Second/ Are the programs successful in targeting those most vulnerable elders? At present, most of the participants in digital skills training services for the elderly already have smart devices and a certain basis for using them. Elderly people without smart devices and with the weakest digital skills are often excluded, while they are the groups most in need of digital technology, such as the elderly with low socio-economic level or limited mobility. It is imminent to use the power of science and technology to improve the quality of life of these vulnerable elders.

No smart devices are rejected

On the other hand, they can use technology to interact more closely with family members and friends who live apart; on the other hand, they can use the Internet to handle daily things, such as online shopping, electronic payment, online medical services, online workshops and community entertainment activities, etc. , to make up for travel inconvenience caused by physical condition.

Overall, smart technology can enable the elderly to maintain more connections with the outside world and reduce feelings of social isolation.

To enhance the ability to use products should enhance age-friendliness

The disadvantages of the elderly in using technology are affected by many factors, such as lack of hardware equipment, insufficient economic and social capital, psychological fear and anxiety about technology, etc.

The government should take a multi-pronged approach, focus on the most vulnerable elderly groups, increase the coverage of smart devices, use family and community resources to provide digital skills training, and improve their acceptance and ability to use technology.

Consider diverse individual needs

More importantly, in addition to helping the elderly adapt to existing technology, it is necessary to strengthen the “age-friendliness” of smart technology.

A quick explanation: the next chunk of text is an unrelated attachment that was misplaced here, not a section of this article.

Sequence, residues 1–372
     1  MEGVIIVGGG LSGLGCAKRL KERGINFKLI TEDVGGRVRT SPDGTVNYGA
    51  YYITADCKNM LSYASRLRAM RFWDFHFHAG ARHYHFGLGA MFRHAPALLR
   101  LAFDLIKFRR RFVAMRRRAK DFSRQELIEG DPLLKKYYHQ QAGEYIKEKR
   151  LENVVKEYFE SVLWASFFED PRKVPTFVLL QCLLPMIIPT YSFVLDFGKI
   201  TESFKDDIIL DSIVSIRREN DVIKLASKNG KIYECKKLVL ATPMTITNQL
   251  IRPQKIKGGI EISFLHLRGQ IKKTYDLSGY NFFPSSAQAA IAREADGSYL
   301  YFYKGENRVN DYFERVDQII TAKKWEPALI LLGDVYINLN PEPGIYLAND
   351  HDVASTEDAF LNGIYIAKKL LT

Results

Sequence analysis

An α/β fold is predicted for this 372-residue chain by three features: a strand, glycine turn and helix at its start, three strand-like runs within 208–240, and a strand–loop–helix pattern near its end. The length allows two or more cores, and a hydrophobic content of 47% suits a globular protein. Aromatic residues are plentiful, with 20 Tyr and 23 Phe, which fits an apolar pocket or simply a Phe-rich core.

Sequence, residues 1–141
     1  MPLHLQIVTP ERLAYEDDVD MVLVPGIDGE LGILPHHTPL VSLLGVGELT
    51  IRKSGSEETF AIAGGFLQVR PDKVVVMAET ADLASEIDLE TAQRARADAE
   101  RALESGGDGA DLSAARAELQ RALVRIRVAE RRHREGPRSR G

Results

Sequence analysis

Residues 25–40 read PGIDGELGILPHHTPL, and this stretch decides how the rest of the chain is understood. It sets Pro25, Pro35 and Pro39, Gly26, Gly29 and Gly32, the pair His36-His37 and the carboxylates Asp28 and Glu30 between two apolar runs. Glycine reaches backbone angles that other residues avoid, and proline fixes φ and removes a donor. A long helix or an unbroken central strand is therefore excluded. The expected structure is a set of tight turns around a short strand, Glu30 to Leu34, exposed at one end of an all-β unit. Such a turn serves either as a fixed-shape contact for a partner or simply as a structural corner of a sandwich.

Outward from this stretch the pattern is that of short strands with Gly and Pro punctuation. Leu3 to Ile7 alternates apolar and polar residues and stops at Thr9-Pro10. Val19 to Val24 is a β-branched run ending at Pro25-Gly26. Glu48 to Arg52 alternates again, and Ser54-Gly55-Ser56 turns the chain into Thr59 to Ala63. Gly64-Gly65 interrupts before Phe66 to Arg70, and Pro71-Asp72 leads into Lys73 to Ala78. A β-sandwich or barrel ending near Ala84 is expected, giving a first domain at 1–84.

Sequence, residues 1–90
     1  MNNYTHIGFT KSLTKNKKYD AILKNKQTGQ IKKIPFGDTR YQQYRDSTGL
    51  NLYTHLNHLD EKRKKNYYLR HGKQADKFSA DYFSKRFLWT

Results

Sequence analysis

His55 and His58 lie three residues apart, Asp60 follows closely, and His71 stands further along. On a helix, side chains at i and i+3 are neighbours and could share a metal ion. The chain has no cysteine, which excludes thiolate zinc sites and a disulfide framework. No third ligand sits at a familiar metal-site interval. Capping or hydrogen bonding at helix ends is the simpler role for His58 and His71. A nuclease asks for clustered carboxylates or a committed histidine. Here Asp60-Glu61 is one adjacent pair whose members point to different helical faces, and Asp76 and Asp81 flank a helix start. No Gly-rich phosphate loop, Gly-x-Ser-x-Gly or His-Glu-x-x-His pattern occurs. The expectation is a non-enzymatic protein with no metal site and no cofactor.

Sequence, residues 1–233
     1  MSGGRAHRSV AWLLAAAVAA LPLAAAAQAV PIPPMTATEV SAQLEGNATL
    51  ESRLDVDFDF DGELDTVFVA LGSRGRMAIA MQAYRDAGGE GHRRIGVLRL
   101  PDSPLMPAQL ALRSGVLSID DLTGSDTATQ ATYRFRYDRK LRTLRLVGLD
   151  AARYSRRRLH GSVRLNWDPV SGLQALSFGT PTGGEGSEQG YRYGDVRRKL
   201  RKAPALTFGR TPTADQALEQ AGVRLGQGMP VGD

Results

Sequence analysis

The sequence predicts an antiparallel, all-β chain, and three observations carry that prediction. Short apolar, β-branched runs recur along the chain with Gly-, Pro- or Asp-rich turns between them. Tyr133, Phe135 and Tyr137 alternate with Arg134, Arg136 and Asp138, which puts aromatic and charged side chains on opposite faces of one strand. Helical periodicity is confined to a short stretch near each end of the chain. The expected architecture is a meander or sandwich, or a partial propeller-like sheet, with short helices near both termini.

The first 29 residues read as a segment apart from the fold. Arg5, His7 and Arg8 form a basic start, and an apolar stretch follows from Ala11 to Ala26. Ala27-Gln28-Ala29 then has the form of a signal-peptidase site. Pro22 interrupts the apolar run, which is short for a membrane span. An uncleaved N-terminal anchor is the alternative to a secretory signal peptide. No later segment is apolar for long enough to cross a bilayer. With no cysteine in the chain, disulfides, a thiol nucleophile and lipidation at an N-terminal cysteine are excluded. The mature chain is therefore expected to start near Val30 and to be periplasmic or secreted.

At present, the design of technological products often only targets young people, ignoring that the elderly are also an important part of society.

Although the development of science and technology is the general trend, the design of future smart products must consider the usage habits of different social groups, increase the ease of use of products, and consider the diverse needs and adaptability of individuals in order to achieve true “digital inclusion” (digital inclusion) .

In Hong Kong, both adults and children are very busy every day, and sometimes it is difficult to find time to meet the elders. While it can’t completely replace the intimacy that comes with face-to-face, technology can still increase family connections.

In addition to sending text messages and video calls to send greetings to family and friends who cannot meet in person, family members can play simple interactive games, travel online, or make family e-cards and holiday blessing emoji through the Internet to increase the depth of interaction.

And community organizations can also use the power of technology to increase companionship and reduce loneliness for the elderly who live alone or whose children live abroad. The younger generation helps the elders at home and in the community to explore the charm and possibility of technology, which can not only enhance the elders’ understanding of digital technology, reduce the digital divide, but also deepen the relationship between the two generations and add warmth.

Text Li Jia (Assistant Professor, Department of Social Work, The Chinese University of Hong Kong)

Source link